Axel-In-Charge: Extending "Secret Wars," Excitement for a "Totally Awesome Hulk"
22. Gerry Conway
Gerry Conway came on to the Bat-titles full-time in 1981 with a novel idea, to use both Batman and Detective as if they were, in effect, just one combined title that just came out twice a month. It’s basically the same approach that Marvel did on Amazing Spider-Man with Howard Mackie and more recently with Dan Slott (DC did a variation of it with their Superman titles, although those were multiple writers just working in concert – Mike Carlin was a hell of an editor to have made sense of that approach for so many years). Conway’s first major epic was this fascinating and complex narrative based on the return of Rupert Thorne, who decides to control Gotham’s politics from behind the scenes and ends up with Commisioner Gordon losing his job. At the same time, Vicki Vale comes back into Bruce Wayne’s life, only she’s now more adamant than ever about learning Batman’s secret identity. Conway also brought Dick Grayson back as Robin on a more regular basis (he also returned Batman to the Bat-Cave). Commissioner Gordon got more character development under Conway’s pen than he had received in the previous forty years’ worth of appearances.
Here’s an example of all the plot lines that Conway was juggling at once…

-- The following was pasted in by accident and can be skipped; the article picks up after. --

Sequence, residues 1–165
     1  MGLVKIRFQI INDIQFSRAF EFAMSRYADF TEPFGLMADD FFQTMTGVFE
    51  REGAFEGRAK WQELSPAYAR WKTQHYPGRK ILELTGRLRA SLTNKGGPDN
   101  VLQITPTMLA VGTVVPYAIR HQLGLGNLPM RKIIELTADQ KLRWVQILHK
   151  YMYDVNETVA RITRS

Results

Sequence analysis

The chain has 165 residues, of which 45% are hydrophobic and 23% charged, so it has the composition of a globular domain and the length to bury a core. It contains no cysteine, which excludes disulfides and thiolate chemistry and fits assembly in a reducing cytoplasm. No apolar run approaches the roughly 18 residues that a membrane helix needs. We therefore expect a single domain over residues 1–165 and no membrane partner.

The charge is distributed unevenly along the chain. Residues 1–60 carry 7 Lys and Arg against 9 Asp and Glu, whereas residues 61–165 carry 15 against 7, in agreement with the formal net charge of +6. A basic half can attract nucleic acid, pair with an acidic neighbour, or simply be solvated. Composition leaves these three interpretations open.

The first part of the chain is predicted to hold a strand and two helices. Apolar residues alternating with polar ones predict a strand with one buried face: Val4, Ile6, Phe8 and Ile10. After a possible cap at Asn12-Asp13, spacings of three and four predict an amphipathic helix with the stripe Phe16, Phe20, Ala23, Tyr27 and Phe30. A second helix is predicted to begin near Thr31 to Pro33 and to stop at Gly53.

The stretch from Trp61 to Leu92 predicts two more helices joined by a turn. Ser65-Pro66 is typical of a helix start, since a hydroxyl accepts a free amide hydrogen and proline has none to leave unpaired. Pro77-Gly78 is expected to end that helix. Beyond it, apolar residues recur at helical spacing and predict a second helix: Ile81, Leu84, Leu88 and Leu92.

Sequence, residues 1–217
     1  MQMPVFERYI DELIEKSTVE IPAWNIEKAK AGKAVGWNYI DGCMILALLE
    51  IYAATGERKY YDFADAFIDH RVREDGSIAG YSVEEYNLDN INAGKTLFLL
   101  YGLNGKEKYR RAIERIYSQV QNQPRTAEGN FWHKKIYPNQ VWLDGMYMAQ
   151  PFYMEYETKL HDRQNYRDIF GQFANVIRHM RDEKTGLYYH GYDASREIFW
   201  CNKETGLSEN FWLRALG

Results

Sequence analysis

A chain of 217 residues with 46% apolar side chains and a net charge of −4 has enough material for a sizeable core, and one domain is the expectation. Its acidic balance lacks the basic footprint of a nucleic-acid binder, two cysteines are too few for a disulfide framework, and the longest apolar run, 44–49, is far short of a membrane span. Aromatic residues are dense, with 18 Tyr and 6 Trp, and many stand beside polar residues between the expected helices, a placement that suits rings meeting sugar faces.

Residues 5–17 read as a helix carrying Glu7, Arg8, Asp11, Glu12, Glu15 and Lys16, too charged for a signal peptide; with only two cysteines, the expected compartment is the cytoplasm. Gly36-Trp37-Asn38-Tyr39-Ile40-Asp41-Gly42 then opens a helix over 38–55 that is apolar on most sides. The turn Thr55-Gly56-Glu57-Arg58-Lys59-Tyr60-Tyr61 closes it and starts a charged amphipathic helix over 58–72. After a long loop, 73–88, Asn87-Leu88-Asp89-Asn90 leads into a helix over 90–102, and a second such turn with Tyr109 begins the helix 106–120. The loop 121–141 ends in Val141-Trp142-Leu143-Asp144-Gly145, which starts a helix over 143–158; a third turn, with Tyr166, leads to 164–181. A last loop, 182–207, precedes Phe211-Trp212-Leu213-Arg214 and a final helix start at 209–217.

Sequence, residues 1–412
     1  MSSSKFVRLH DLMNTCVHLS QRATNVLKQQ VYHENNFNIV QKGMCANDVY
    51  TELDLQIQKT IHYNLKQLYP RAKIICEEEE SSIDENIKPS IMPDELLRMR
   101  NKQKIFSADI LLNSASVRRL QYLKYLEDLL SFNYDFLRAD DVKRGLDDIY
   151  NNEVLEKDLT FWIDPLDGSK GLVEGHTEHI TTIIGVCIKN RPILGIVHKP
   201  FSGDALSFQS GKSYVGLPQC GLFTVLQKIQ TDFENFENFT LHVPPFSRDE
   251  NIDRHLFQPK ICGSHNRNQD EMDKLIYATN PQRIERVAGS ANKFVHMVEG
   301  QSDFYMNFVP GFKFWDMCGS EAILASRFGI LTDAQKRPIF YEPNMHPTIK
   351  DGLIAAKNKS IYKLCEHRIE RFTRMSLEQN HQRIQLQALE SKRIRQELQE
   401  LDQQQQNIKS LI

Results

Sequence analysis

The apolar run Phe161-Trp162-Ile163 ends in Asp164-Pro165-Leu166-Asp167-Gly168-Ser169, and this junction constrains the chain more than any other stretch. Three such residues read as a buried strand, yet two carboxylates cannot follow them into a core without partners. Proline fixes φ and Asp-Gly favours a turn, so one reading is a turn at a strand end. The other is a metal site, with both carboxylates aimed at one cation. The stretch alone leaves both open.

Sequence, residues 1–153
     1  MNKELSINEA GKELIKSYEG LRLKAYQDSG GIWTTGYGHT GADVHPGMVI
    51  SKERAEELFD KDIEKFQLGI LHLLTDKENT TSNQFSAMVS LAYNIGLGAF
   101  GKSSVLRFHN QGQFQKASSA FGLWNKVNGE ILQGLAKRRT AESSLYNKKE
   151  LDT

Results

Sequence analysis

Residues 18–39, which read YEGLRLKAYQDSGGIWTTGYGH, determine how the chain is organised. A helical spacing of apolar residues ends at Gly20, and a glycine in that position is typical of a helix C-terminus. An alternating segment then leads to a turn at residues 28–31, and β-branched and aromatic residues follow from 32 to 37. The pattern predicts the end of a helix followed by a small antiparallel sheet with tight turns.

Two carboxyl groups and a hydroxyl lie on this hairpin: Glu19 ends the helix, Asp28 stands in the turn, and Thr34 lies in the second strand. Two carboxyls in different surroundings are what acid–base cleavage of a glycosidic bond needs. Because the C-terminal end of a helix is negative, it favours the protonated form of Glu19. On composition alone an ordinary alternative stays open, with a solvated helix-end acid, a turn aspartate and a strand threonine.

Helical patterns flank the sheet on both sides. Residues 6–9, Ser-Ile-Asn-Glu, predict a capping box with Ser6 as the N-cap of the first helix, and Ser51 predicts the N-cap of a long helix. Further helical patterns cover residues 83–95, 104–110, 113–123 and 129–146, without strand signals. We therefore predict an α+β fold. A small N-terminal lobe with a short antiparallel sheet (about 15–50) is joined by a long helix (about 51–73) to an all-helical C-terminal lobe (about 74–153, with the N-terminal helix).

After his Thorne epic finished, Conway told one last big storyline involving the introductions of Killer Croc and Jason Todd (plus the deaths of Todd’s parents).
21. Len Wein
Len Wein had been writing one or two Batman issues here and there for EIGHT YEARS (including the last story before Steve Englehart’s Detective Comics run and the issues after Englehart tying up any loose ends Englehart left) before he finally took over as the regular Batman writer in 1979. Wein’s run was a compelling mixture between action and character-driven work. Character-wise, this run is likely best known for introducing us to Lucius Fox and for re-introducing Catwoman into the Bat-books as a regular supporting cast member.
Wein also wrote a tremendous mini-series detailing Batman’s history, something that was, at the time, quite novel (now stories recapping characters’ origins happen all the time) with John Byrne and Jim Aparo (WOW!) working together on art…
Wein set the title up nicely for Gerry Conway’s run on the book. Wein also has a special piece in Batman lore as being the first writer to have Batman vanish on Commissioner Gordon (in the pages of Swamp Thing, of all places!).
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